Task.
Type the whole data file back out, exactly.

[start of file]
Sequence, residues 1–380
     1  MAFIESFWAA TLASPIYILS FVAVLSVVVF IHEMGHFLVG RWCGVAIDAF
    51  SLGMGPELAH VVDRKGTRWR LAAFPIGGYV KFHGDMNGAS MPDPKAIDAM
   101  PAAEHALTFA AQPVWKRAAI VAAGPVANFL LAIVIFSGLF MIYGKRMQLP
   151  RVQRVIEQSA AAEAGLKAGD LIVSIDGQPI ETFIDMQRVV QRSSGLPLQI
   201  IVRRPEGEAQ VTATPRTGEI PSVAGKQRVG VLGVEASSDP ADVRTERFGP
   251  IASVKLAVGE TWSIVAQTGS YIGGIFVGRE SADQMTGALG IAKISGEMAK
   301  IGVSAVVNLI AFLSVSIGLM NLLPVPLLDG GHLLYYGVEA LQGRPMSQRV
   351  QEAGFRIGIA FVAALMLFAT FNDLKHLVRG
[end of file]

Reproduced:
Sequence, residues 1–380
     1  MAFIESFWAA TLASPIYILS FVAVLSVVVF IHEMGHFLVG RWCGVAIDAF
    51  SLGMGPELAH VVDRKGTRWR LAAFPIGGYV KFHGDMNGAS MPDPKAIDAM
   101  PAAEHALTFA AQPVWKRAAI VAAGPVANFL LAIVIFSGLF MIYGKRMQLP
   151  RVQRVIEQSA AAEAGLKAGD LIVSIDGQPI ETFIDMQRVV QRSSGLPLQI
   201  IVRRPEGEAQ VTATPRTGEI PSVAGKQRVG VLGVEASSDP ADVRTERFGP
   251  IASVKLAVGE TWSIVAQTGS YIGGIFVGRE SADQMTGALG IAKISGEMAK
   301  IGVSAVVNLI AFLSVSIGLM NLLPVPLLDG GHLLYYGVEA LQGRPMSQRV
   351  QEAGFRIGIA FVAALMLFAT FNDLKHLVRG